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17 Dec

We must protect the independence and integrity of the ABC

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Untenable: John Hewson says ABC chair Justin Milne (pictured) must resign immediately. Photo: Alex EllinghausenThe ABC has been left in adangerous positionwith no managing director, a chairman in an untenable position, a compromised board, and embarking on tri-annual budget discussions with the government.

If the leaked email from the chair, Justin Milne, to ex-MD, Michelle Guthrie, is verified, where Milne told Guthrie to fire a key journalist, Emma Alberici, at the behest of ex-PM Turnbull, and if the board was apprised of the situation, the “independence and integrity” of the ABC has been totally undermined. Milne sold out to undue political influence.

This comes on the back of other episodes of attempted/effective political influence, including the handling of JJJ’s decision to move their Top 100 from Day, and over statements made by political editor Andrew Probyn in relation to certain defence/security issues.

This is not the first time, of course, that a political leader has sought to influence the ABC – Hawke, and particularly Keating, were famous for “making their views known”. Nor is it the first time a chairman has sought to influence Aunty’s journalism – Maurice Newman accused them of “group think” on climate change, leaving something of a legacy, even to this day, as it often seems that the ABC “self censors” on coverage of the subject.

But, this time it is all out in the open. The email screams at you. The interference is clear. The responsibilities are obvious. A meeting of some 350 ABC staff has called for Milne to stand aside. The government has initiated a departmental, rather than an independent, inquiry. The Greens/ALP are threatening a Senate inquiry. Neither Inquiry is likely to add much to what is known.

The “enemies” of the ABC on the “right” of politics, in the government and the media, are salivating – you know something’s on when the likes of Andrew Bolt call for an inquiry. Some feel their day has come. Spending tothe ABC can now be cut even further, even drastically. Some hope that these circumstances now warrant it to be “privatised”, as was called for a few months ago at a Liberal Party Council meeting.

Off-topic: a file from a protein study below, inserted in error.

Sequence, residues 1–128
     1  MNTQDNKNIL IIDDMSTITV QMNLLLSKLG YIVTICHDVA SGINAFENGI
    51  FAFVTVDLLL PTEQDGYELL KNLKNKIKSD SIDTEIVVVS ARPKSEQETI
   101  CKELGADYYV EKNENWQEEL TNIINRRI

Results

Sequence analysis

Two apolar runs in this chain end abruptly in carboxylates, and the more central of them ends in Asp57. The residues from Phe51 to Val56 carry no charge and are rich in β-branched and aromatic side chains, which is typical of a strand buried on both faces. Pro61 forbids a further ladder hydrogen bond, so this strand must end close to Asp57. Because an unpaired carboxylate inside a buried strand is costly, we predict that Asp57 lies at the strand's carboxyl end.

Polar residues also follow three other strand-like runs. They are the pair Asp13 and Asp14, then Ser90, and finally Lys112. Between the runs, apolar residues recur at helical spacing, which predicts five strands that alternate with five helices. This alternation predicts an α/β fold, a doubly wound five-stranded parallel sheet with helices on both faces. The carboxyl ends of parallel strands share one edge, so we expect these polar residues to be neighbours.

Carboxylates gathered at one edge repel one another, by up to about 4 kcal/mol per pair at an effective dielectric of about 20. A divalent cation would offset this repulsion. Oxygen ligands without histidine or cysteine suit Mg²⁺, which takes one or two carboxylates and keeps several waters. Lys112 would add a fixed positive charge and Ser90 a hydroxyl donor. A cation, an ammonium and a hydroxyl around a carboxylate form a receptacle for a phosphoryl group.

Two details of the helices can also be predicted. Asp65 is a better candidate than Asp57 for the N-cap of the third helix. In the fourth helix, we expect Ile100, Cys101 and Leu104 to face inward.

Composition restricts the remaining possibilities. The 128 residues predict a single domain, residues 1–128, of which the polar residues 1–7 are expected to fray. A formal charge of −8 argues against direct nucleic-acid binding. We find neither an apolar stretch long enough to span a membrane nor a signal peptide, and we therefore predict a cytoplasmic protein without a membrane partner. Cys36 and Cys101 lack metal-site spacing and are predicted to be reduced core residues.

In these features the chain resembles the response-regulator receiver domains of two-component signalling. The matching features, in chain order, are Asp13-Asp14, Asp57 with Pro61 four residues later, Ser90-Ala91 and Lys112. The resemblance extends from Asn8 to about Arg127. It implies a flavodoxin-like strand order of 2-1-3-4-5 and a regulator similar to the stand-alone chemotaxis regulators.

Clearly, there has been a major failing of governance. The board’s charter is to protect the independence and integrity of the ABC. Sure, governments and others will express their views. Sure the board must listen, digest, examine, and respond as appropriate – in this it’s very important to be able to separate the “white noise” from the substance.

But, this certainly doesn’t mean that you just give in, fail to protect your journalists, indeed seek to fire them for fear that the government may be returned at the next election, and you would need to be “in their good books” to avoid those feared budget cuts, or to maximise your chances of retaining the “half a bill” you hope to get from closing down your transmitters.

A “fish rots from the head” – the chair and the board are totally responsible for this governance failure, either directly or by acquiescence. Their position is untenable. This is Governance 101!

Unfortunately, the chair can’t be fired in these circumstances. It’s up to Milne, and indeed his board, to accept the reality of their responsibilities, and failure, and to resign. The longer they decide to just tough it out – and Milne strikes me as just that sort of person – to attempt to defend the indefensible, the more damage that will be done to the standing and viability of the ABC.

It is imperative that in moving on from here the board and management of the ABC deal with both the perceptions and reality. The very worst outcome for the long-term viability of the ABC will be if both are seen to have been compromised.

In a world where some resort to accusations of “fake news”, and where a loss of trust in our politicians and political processes is in danger of spreading to other institutions that are fundamental to our democracy, protection of the independence and integrity in the ABC is of absolute importance.

Our new PM, Morrison, doesn’t really get it either with his usual attempt to “spin the issue”, expecting the ABC “to act in a professional way” and to respect that “it’s funded by n taxpayers”. Threat or solution?

John Hewson is a professor at the Crawford School of Public Policy, ANU, and a former Liberal opposition leader.

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